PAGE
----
WASHINGTON - With gas prices continuing to rise, there isn't much love in the U.S. for major oil company executives -- especially on Capitol Hill.
Democrats want to cut billions of dollars in oil and gas subsidies they say the industry doesn't need. But Republicans claim the move is merely a ploy for Democrats to score political points.
The peak of the summer travel season is weeks away and already, Americans are feeling the pinch at the pump.
Top oil executives attended a congressional hearing Thursday to defend the tax breaks that Democrats want to end.
Leaders of Shell Oil Co., Chevron Corp., Exxon Mobil Corp. and two other oil companies said ending the subsidies would essentially amount to a tax hike, which singles out the oil industry, and ultimately wouldn't lower gas prices.
"Removing them (tax breaks) for select few oil and gas companies is nothing less than discriminatory and a punitive tax hike that jeopardizes the jobs of American workers," Rex Tillerson, CEO of Exxon Mobil, said.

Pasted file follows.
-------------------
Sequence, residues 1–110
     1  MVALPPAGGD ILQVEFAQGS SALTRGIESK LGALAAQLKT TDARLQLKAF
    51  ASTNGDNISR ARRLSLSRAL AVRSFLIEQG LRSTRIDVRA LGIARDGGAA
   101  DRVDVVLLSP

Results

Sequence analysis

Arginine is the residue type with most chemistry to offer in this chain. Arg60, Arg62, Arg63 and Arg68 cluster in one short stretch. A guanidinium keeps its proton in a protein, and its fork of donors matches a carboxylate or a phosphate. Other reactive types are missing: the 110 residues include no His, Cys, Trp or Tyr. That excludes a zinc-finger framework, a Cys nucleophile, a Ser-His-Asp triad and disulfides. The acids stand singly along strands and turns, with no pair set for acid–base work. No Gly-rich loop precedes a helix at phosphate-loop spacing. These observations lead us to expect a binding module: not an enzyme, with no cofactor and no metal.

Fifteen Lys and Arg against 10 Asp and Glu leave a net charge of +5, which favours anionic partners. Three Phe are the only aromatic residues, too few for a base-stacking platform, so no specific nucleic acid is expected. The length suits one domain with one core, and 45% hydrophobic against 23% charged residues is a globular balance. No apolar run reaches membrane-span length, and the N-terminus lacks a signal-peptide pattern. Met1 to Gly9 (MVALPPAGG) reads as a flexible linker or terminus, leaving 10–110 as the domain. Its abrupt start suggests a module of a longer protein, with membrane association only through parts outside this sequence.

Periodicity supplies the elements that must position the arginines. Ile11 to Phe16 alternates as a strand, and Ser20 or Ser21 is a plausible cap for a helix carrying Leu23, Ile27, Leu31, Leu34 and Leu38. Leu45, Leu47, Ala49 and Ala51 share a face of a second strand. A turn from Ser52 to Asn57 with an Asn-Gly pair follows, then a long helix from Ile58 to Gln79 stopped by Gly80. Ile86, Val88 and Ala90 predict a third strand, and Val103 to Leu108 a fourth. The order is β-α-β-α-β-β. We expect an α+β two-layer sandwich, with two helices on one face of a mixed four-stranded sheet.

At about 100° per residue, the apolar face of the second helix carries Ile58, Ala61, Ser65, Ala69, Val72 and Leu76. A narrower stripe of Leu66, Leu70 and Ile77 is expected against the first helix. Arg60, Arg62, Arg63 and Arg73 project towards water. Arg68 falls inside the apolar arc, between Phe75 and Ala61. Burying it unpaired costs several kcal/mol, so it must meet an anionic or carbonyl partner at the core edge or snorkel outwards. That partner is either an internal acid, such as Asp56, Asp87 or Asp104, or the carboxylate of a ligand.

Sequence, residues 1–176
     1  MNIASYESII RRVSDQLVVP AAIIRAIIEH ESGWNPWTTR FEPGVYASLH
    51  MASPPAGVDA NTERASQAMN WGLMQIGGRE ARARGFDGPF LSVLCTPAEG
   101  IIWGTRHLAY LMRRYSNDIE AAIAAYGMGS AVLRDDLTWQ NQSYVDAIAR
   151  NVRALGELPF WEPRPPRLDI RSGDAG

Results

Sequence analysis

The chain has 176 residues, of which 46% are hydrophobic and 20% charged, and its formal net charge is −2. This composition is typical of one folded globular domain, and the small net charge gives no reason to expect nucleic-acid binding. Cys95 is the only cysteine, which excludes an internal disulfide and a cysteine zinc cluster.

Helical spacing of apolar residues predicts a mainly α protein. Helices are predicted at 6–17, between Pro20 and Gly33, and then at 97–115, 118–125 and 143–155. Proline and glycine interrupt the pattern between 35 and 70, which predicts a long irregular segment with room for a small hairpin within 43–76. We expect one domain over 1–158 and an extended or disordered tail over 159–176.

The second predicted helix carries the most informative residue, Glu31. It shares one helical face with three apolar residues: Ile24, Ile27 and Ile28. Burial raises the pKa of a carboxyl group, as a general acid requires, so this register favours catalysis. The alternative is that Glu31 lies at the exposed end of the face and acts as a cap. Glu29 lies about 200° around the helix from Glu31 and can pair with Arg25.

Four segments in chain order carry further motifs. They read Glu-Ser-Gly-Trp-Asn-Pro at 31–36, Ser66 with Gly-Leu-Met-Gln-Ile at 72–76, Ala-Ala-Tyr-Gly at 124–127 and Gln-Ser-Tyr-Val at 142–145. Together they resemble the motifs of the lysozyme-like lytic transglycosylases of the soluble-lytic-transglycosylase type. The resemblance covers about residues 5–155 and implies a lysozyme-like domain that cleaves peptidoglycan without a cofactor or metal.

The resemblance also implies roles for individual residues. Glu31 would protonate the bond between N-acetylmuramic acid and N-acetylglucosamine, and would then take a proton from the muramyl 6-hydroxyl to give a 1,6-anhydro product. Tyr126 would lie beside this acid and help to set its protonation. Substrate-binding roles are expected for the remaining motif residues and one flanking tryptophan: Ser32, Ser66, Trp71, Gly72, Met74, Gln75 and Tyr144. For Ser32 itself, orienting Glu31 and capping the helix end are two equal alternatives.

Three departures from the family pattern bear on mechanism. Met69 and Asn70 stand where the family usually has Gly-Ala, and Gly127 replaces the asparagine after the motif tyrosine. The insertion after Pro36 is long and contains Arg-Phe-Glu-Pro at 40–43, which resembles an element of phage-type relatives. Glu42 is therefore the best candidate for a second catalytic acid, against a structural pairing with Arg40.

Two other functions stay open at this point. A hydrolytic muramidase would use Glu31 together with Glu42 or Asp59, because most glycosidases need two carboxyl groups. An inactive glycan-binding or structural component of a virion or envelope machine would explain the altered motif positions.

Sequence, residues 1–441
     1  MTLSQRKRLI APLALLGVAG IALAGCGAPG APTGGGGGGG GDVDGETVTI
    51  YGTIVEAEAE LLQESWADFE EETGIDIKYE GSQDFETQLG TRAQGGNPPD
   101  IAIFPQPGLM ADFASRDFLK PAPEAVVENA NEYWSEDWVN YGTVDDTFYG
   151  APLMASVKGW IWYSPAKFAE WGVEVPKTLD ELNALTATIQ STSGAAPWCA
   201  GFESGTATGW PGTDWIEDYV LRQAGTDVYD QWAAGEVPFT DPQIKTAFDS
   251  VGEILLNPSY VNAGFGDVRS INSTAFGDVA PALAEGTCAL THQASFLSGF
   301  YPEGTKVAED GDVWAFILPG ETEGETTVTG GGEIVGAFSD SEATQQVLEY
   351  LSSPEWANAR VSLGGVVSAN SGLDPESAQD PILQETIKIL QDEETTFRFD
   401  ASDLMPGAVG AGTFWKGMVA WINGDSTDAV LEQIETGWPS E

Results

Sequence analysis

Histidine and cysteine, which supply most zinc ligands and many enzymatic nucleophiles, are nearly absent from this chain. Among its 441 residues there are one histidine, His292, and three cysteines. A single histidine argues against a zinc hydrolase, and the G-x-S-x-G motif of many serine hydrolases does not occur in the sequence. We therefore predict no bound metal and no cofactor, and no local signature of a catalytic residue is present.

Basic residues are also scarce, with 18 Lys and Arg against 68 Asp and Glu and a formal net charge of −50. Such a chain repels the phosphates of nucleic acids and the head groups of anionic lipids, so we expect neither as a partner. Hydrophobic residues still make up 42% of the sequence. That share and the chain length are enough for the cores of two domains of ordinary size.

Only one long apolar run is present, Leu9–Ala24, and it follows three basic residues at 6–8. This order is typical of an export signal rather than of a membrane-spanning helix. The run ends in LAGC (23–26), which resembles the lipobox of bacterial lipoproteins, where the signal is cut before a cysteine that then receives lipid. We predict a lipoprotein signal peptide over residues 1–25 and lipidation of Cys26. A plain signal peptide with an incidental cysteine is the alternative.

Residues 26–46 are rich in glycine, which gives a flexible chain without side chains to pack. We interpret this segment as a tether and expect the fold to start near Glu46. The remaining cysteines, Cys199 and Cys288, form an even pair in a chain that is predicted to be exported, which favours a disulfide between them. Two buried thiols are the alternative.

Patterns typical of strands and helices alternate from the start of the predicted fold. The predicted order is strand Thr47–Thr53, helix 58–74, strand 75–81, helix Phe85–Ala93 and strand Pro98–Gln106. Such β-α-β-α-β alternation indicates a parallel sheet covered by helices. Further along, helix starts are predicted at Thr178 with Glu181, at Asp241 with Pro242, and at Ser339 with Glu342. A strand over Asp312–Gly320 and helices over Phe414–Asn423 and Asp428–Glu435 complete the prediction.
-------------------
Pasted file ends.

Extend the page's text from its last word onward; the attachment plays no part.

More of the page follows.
In response, Democrats resurfaced clips from a hearing nearly six years ago, during which oil execs pushed the subsidies aside.
"You all said you didn't need them in 2005, and it sure seems to be a different story today," Sen. Ron Wyden, D-Ore., charged.
Democrats in both the House and the Senate have developed proposals that strip away the popular deduction for manufacturing activity and a credit for oil companies that pay taxes to foreign governments.
One bill eliminates about $2 billion in tax breaks and uses the revenue to pay down the federal deficit.
Critics of the plan say it will only make things worse.
"Their tax increases don't apply to Saudi-made oil. So you wonder why the price of gas has more than doubled since Barack Obama has been president," Rep. Steve Scalise, R-La., said. "It's because of his failed policies as president."
Still, Democrats hold that the cuts are about making tough decisions when it comes to reducing the deficit.
"It just seems frankly that you make a lot of money. That's fine. That's the American way. But it also seems that maybe the subsidies are not necessary anymore," Senate Finance Committee Chair Sen. Max Baucus said.
Baucus added that oil companies have seen $35 billion profits in the first quarter alone.
To that, Chevron Chief Executive John Watson said, "Don't punish our industry for doing its job well."